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Spray Example

I love using Spray and its routing DSL for REST APIs but I’ve found a lot of the examples are just showing off its syntax. I’ve been missing examples of how you can use it to wire together a real application. Therefore I put together an example that goes a bit beyond the routing syntax to document my current understanding of best practices in that regard.

The main goal of this example is to show how to wire together a REST API using Spray Routing (v1.2) that uses a model-actor from the spray routing layer. It also shows off a few things I consider good practice:

Let’s start with the ModelActor. It is really just a toy, because the purpose of this example is to show how you plug an actor-based model into spray routing. There’s just one thing I want to point out: the Model has a method get(id: Int): Option[Item], but it is considered bad practice to send Some[Item] and None messages between actors. Actors have much more freedom when it comes to the types of messages it responds with so we transform the response from the model into Item or ItemNotFound as appropriate.

Next let’s look at the Service. For clarity the following examples focus on a single point each, but the example project puts it all together. First, let’s look at the onSuccess directive that lets us handle two different success cases (or one success and one expected error, depending on how you look at it) in stride:

onSuccess(model ? id) {
    case item: Item => complete(OK, item)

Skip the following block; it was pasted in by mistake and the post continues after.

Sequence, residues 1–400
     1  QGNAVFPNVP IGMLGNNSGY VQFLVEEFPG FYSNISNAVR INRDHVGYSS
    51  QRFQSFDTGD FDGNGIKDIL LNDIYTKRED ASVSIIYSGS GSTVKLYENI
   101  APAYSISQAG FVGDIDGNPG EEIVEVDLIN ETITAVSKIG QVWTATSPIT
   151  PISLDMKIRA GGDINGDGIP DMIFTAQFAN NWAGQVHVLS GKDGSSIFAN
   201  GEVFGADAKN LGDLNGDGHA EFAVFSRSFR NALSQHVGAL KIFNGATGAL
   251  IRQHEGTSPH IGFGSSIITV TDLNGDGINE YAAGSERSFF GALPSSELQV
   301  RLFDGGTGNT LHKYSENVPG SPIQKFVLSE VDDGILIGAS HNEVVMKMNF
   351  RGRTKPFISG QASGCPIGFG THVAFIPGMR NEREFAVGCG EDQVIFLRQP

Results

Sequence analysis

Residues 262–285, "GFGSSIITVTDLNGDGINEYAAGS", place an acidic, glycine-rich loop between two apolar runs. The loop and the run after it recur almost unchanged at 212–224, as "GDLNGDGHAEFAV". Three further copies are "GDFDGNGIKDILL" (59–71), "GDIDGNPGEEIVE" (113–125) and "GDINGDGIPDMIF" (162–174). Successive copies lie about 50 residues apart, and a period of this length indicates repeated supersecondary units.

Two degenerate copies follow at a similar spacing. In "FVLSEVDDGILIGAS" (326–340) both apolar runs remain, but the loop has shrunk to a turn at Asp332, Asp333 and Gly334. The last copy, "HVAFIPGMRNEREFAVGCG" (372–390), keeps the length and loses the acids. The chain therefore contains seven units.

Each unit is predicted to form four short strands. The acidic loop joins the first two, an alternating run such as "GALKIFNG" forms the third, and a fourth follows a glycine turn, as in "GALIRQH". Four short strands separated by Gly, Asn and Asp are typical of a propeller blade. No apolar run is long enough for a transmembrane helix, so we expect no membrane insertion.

case ItemNotFound => complete(NotFound)
}

How do we get the model into the route, while still keeping things easy to test? My preference is to make the route definition a def rather than a val and pass in the model actor from a very thin ServiceActor. This allows us to inject a test actor very simply and thus create routing tests very naturally.

As mentioned I like to use a separate on-the-wire protocol—in other words: separate DTO classes from the model classes. The counter-argument I’ve usually heard is that it’s “unecessary” work; but if you’re dealing with immutable objects you’re probably just copying the pointers to the members, so you’re not copying that much data around. On the other hand it becomes a lot simpler to avoid accidental leakage of your model fields if you never pass the model objects across the wire in the first place.

You might wonder why I send model objects to the service layer at all: the reason has to do with caching. Items change state and availability depending on stock level, going from InStock to LowStock to SoldOut. We want to strike a balance between caching everything too long, or everything too short. To do that we use an item’s stock level to decide how long to cache for. (To avoid leaking exact stock levels via the Cache-Control header’s max-age we use a formula to obfuscate the levels a bit.) Note that for a list we must pick the minimum stock level in the list to use for the cache decider.

I think this gives a clean separation between the model / controller layer and the service layer. The model layer doesn’t need to know that it is being exposed by a REST API at all.